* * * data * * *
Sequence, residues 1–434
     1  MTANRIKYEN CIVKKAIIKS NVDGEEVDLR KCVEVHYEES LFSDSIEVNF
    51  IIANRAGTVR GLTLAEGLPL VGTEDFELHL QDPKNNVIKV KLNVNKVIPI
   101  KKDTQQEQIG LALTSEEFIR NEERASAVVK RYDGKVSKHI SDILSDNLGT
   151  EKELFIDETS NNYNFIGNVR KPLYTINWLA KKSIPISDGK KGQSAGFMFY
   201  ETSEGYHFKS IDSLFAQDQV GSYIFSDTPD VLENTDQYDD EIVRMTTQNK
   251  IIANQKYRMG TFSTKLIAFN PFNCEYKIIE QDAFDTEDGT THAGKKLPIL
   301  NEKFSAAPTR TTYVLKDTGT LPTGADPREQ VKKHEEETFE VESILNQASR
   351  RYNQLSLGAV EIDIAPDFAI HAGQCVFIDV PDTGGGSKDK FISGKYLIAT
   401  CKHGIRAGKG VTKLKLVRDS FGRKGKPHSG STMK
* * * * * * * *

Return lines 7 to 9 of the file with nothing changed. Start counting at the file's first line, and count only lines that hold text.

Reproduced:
   251  IIANQKYRMG TFSTKLIAFN PFNCEYKIIE QDAFDTEDGT THAGKKLPIL
   301  NEKFSAAPTR TTYVLKDTGT LPTGADPREQ VKKHEEETFE VESILNQASR
   351  RYNQLSLGAV EIDIAPDFAI HAGQCVFIDV PDTGGGSKDK FISGKYLIAT